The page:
‘The Clinton Foundation has yet to produce definitive and compelling evidence that it was ever authorized appropriately by the IRS to do more than serve as an archival records repository based in Little Rock, Arkansas for the papers and related memorabilia of President Bill Clinton,’ charges respected Wall Street analyst Charles Ortel.
Aside from filing financial reports that were filled with errors and misstatements, notable accounting firm Price Waterhouse Coopers (PWC) neglected to verify whether the Clinton Foundation obtained tax-exempt status for its various sub-entities, including its AIDS charity.
As WND reported:
Ortel’s six-month investigation indicates the Clinton’s have diverted tens of millions of dollars donated for charitable purposes to the personal enrichment of themselves and their close associates.
He says PWC neglected to exercise due diligence in fulfilling its professional responsibilities in conducting even the most basic inquiries required of an honest audit.
PWC, he says, failed to inquire whether the Clinton Foundation has applied for and received duly issued IRS tax-exempt determinations for its various sub-entities and activities, including fighting HIV/AIDS globally under the auspices of the Clinton Health Access Initiative Inc., also known as CHAI.
He notes that there as an “Old CHAI” and a “New CHAI” that was created after Hillary Clinton became secretary of state. In addition, the foundation launched the Clinton Global Initiative and numerous foreign funds and endowments created, for instance, in conjunction with George W. Bush to raise money for the victims of Hurricane Katrina in 2005 and the 2010 earthquake in Haiti.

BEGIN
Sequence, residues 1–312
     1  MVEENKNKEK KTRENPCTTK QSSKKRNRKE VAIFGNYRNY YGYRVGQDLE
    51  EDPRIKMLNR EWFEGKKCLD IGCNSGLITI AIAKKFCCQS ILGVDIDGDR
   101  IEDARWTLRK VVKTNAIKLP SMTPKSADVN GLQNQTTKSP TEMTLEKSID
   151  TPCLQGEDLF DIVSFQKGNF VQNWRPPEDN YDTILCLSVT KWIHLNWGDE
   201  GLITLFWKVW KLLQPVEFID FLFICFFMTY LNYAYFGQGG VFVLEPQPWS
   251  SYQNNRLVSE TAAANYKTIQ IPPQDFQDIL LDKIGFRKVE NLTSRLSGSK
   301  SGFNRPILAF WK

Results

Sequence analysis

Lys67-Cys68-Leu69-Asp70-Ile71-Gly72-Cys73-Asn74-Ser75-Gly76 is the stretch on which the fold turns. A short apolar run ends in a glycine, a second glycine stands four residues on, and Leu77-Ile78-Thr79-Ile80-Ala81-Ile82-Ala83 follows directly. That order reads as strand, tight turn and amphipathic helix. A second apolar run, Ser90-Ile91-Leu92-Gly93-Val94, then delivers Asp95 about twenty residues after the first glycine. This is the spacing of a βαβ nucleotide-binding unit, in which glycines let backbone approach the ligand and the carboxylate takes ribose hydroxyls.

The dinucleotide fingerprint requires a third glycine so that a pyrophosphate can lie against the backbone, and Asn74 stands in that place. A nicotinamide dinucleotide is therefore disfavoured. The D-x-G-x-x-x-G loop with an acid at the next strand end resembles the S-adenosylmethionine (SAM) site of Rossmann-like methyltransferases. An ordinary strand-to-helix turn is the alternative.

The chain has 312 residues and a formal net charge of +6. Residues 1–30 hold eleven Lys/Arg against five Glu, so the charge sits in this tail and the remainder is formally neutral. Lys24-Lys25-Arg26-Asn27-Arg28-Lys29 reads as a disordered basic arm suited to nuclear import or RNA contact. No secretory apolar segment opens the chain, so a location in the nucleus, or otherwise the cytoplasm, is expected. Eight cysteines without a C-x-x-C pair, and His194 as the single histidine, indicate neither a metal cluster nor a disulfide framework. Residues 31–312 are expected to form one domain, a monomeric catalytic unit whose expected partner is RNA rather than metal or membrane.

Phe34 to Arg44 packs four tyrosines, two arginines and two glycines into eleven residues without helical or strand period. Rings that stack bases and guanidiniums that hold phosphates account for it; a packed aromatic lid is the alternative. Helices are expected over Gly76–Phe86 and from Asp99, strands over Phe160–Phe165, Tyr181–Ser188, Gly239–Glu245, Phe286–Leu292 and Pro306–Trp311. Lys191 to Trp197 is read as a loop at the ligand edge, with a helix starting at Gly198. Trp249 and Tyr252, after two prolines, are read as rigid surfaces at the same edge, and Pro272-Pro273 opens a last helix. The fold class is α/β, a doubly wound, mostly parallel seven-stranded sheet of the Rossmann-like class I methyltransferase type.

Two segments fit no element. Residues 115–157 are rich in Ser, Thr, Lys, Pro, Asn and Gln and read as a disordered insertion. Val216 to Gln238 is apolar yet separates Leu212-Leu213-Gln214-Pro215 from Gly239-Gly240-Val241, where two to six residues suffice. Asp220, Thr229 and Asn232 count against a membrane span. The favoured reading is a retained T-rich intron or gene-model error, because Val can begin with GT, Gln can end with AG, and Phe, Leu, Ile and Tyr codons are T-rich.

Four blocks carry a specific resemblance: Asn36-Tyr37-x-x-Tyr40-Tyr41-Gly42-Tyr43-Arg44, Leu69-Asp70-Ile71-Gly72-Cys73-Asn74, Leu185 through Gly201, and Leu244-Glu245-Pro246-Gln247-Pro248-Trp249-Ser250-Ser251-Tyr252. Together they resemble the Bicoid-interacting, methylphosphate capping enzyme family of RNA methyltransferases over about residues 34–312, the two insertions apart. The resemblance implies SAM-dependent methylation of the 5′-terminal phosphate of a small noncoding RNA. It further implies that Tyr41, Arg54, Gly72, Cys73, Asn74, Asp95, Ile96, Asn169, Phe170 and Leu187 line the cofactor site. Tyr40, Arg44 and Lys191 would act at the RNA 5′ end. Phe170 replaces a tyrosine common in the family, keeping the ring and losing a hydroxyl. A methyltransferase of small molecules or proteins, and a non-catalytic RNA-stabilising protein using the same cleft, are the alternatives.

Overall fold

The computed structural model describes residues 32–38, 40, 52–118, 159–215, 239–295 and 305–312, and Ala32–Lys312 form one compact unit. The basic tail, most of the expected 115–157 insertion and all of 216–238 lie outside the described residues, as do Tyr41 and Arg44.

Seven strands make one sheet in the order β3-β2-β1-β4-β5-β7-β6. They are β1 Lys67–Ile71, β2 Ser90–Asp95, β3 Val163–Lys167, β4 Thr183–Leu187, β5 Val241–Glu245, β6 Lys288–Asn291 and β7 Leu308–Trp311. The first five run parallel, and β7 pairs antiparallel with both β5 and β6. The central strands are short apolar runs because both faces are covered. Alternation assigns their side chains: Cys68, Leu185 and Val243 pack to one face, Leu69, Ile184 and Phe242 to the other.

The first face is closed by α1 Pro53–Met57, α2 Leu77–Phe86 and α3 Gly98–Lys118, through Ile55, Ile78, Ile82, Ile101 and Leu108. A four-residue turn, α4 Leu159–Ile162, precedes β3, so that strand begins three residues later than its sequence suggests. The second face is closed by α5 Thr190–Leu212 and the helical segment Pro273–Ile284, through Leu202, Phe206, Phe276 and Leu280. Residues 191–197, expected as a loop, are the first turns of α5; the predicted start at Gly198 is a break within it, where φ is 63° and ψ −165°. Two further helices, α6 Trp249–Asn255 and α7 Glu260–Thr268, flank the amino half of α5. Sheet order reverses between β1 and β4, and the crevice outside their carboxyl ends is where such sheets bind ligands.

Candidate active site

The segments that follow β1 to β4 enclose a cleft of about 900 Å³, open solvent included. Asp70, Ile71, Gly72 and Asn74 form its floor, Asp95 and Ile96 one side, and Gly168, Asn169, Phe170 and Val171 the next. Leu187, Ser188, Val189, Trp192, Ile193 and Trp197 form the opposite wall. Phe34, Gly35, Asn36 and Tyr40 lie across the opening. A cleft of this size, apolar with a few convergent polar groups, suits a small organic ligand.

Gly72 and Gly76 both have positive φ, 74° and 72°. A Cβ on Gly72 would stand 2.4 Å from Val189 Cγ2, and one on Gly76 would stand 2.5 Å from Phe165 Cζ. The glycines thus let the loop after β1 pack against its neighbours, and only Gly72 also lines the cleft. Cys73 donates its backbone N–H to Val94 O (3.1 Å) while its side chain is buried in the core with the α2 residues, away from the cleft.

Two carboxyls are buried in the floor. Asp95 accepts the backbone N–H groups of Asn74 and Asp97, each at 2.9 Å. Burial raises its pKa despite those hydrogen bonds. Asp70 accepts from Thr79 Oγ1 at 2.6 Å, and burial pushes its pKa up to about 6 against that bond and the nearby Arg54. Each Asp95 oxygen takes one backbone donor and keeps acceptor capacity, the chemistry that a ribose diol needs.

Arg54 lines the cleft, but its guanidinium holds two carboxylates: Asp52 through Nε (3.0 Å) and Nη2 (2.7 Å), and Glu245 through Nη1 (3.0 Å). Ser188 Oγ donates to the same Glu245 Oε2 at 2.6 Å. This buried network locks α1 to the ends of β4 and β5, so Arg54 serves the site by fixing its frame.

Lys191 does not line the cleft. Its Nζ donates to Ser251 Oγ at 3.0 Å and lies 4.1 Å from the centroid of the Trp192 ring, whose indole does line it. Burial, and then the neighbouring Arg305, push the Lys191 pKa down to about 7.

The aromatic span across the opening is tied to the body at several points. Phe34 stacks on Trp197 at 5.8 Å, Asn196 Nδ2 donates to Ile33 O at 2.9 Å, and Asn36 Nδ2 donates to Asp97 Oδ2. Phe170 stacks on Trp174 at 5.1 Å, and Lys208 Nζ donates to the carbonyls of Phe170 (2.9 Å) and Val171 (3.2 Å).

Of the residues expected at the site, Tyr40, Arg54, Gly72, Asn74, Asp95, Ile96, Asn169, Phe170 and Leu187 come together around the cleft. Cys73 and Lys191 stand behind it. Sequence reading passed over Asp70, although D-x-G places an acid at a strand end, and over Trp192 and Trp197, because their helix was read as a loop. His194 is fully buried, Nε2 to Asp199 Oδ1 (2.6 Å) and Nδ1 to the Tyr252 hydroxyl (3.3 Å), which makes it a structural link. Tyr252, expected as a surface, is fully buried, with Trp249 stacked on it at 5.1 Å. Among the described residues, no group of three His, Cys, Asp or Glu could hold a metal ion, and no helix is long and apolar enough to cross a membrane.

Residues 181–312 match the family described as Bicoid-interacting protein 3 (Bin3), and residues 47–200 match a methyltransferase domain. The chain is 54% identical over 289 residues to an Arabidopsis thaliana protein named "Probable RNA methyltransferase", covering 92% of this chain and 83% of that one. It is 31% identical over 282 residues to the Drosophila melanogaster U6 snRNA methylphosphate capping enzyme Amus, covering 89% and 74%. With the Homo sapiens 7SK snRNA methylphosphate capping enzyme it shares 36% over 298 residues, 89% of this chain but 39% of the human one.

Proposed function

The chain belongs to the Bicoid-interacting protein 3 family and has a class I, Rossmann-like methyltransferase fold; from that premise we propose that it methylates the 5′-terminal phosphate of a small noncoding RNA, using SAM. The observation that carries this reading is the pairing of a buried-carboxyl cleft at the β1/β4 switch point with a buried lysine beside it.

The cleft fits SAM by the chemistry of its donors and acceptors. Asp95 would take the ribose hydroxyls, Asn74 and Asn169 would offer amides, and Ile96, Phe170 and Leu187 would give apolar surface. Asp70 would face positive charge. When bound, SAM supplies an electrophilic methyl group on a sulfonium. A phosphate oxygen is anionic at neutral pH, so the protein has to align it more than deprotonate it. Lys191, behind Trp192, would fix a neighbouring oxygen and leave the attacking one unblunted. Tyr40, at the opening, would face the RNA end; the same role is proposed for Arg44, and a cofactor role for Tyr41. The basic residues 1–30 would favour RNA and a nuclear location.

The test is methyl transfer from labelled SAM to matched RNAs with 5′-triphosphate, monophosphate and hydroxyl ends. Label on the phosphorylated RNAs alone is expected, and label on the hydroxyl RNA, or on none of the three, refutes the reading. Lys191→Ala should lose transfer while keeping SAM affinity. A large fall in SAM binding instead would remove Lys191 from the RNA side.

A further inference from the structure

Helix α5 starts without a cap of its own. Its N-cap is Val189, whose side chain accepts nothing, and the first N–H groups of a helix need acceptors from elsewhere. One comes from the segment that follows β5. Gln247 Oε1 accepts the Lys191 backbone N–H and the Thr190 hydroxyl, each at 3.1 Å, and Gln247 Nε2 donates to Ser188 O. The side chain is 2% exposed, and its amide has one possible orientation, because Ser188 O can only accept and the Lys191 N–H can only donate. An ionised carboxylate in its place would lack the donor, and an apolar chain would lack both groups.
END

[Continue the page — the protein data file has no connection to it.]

“It is true that an application to form a companion entity called Clinton Health Access Initiative, Inc. (“New CHAI”) as a tax-exempt organization was approved by the IRS on 15 March 2010,” Ortel acknowledges. “However, the application posted on the Attorney General of New York State Charity Bureau website is incomplete, false, and misleading, so it is difficult to understand why it was approved, less than three months following its submission on or around 31 December 2009, and whether CHAI can reasonably continue to operate having procured IRS tax-exempt approval fraudulently.”
Ortel notes that judging from subsequent filings of IRS Form 990 by New CHAI, its official tax-exempt purpose was: “to support governments to build and strengthen integrated health systems in the developing world and expand access to high-quality care and treatment for HIV/AIDS, malaria and other diseases”
“While laudable, the stated purpose of New CHAI may not afford private donors the possibility of obtaining tax deductions under U.S. law in that furnishing services abroad that are the legitimate responsibilities of foreign governments has been consistently held to be other than a valid charitable purpose as far as U.S. law is concerned,” he argued.
Ortel says the importance of whether or not the Clinton Foundation is validly constituted as a U.S. tax-exempt organization is “fundamental to any analysis of its financial statements.”
He says if it is not validly constituted, “the organization and its directors face substantial financial liabilities as well as other penalties that would severely impact, even bankrupt numerous parties.”
Ortel went on to state that there would be severe “tax consequences for those who donated to what may be a fraudulent charity, including thousands of ordinary individuals and families worldwide, as well as for wealth foundations, foreign donors, foreign governments, and possibly even the U.S. government for all contributions the U.S. government entities have made to the Clinton Foundation since inception.”
Read the full story at WND.
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